There was one thing that everyone in the investment and business press had in mind this weekend, and that was the EU summit meeting on Friday, December 9th. Certainly a great deal is being written about it, including this column. You can group them into categories, with a partition for each into European and non-European.
One group is made up of the top of the financial profession, people like Mohammed El-Erian and Bill Gross at Pimco; Warren Buffett; Treasury Secretary Tim Geithner; Fed Chairman Ben Bernanke. They are imploring Europe to act forcefully to save its system. Trouble is, they’re Americans, and one cannot hope to win elections in Europe while appearing to take the Americans seriously (except on military matters).
Another group here is more politicized. They more or less want the EU to fail, seeing it as a repudiation of something - socialism, government spending, the EU, snotty Parisian waiters. Millions may suffer, but that is a risk they are willing to take. What’s important to them is that their views and biases and prejudices get validated - not to mention their short bets.
Over in Europe, it’s a bit more fragmented. What might be called the technocrat group, the equivalent of our Grosses and Buffetts, has three sub-currents - UK, German, and continental not-German. The UK is divided: most of their better thinkers realize the perils of the collateral damage and so exhort the eurozoners to fix the problem. This is muddied though by the traditional British disdain for both the continent and the euro, such that a fair amount find it difficult to entirely forgo the pleasurable prospect of watching them first both take a header. It’s complicated.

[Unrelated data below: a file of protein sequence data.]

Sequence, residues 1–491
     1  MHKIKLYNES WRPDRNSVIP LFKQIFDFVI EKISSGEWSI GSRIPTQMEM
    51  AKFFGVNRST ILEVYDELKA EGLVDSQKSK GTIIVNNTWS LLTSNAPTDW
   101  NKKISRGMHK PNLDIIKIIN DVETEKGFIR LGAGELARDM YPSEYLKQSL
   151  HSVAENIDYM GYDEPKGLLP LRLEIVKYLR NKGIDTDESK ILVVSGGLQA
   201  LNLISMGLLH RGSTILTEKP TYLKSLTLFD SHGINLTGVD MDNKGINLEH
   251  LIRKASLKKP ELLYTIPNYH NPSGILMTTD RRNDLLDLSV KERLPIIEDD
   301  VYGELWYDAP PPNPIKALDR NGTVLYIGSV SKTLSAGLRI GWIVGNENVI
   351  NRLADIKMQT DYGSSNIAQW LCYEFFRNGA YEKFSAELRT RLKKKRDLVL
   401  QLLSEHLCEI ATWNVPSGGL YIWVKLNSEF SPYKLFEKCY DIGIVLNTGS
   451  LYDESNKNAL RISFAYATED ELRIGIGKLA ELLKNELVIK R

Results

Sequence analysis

The German technocrats acknowledge that the present course is untenable, but cannot bear the thought of those lazy Greeks and Portuguese picking the thrift from German pockets. Not only that, but give these people a quarter and who knows when they will stop begging! The rest of the continent, on the whole, wants to pursue the Big Fix, but without appearing to listen either to the Yanks or the Brits, and without offending the Germans, who have the biggest economy and the most money. It’s Germany’s ball at the moment, and if they go home, the game is over. It’s complicated.